Are the LA Clippers the deepest team in the NBA?
It isn't often that a team can lose the reigning Sixth Man of the Year and still have great roster depth from top to bottom.
But when it comes to the LA Clippers, that just might be the case this season.
Since losing forward Montrezl Harrell to the Los Angeles Lakers in free agency this past offseason, the Clippers have not missed a beat. They sit fourth in the Western Conference, with a record of 25-14, and have one of the premier offenses in the NBA.
They rank first in the league in 3-point shooting, at 42%, while ranking fifth in scoring, with 115.3 points per game.
LA's dominant offense throughout the roster led Skip Bayless to declare the Clippers the deepest team in the NBA.
"The Los Angeles Clippers rank No. 1 in the league in 3-point shooting. The Los Angeles Clippers rank No. 1 in the league in free-throw shooting... The Los Angeles Clippers are the deepest team in the league."
How does a team that lost the Sixth Man of the Year manage to stake a claim to the deepest roster?
What's more, it is clear there is strength in numbers when it comes to the Clippers' reserves. The team's bench is once again one of the strongest units in the NBA, ranking first in 3-point percentage (42.5%), second in points (40.8) and third in field-goal percentage (47.3%) and free-throw percentage (82.9%).
That makes for the perfect complement to the Clippers' starters, who average 74.4 PPG. Four of the Clippers' five leading scorers are starters Leonard, George, Ibaka and Marcus Morris Sr.
When you combine the numbers off the bench with the strength of the starting unit, do the Clippers have a legitimate claim as the deepest roster in the NBA?
The Clippers have 10 players averaging at least 7.5 PPG, but some other NBA teams that can claim to be just as deep.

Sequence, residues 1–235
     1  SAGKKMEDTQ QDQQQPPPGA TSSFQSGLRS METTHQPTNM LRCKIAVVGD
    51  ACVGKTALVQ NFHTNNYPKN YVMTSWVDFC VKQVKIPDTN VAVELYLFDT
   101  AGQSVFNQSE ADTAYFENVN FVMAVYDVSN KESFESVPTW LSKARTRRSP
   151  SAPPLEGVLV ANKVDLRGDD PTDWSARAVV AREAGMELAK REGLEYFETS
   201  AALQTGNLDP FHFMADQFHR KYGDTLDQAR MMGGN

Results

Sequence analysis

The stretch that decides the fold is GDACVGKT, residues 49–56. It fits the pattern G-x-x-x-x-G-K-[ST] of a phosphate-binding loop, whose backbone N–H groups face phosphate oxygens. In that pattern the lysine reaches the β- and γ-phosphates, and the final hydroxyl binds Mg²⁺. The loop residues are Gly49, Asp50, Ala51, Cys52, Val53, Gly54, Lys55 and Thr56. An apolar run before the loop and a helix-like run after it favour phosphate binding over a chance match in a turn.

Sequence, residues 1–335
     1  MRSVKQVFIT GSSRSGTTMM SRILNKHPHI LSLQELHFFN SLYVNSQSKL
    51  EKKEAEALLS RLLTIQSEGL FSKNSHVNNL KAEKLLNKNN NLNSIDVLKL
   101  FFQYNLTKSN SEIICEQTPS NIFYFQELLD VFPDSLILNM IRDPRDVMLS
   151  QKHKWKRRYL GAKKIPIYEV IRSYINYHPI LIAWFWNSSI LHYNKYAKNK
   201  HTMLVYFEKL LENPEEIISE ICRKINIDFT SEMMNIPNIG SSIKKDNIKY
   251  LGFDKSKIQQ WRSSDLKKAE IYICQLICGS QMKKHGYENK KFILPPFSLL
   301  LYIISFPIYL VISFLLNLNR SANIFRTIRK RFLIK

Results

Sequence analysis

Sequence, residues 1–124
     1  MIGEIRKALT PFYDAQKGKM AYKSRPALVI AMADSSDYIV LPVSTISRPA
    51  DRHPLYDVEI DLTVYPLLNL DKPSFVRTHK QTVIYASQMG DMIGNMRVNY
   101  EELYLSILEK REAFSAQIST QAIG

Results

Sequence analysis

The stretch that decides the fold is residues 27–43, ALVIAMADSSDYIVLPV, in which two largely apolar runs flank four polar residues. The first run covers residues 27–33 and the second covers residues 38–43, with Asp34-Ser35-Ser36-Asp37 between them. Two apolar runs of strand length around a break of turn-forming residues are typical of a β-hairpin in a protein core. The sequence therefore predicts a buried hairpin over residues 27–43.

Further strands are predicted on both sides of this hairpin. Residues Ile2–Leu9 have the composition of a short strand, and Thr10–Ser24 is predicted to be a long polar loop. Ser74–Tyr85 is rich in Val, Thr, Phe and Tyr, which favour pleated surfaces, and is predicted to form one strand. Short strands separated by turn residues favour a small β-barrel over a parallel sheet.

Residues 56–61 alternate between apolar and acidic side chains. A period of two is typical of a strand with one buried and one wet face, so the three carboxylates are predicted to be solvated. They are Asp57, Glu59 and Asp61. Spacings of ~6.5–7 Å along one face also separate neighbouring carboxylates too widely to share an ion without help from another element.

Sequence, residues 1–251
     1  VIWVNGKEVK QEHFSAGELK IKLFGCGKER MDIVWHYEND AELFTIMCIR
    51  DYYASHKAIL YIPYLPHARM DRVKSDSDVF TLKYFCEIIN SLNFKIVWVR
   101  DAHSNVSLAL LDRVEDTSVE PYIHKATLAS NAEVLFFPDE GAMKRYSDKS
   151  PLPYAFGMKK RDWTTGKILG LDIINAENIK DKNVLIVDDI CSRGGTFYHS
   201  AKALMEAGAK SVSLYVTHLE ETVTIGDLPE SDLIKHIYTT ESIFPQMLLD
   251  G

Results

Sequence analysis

The San Antonio Spurs, another Western Conference playoff contender, boast eight players averaging at least 10 PPG, the most of any team in the league.
The Clippers have only five such players on their roster.
But what the Clippers lack in double-digit scorers throughout the roster they make up for with an unrivaled stable of shooters.
LA is the only team in the NBA that has eight players shooting at least 40% from 3-point range, with Reggie Jackson (39.8%) falling just short of giving the team nine such players.
In the playoffs, in which every possession matters and it's more difficult to score against the best defenses in the NBA, having that many reliable shooters will give the Clippers an advantage against most teams.
With their elite bench and solid starters, their 3-point prowess and multitude of scoring options, the Clippers are once again making their case as one of the deepest teams in the NBA.
If they are indeed the deepest team, the Clippers could be on their way to the franchise's first trip to the Western Conference finals — and possibly beyond.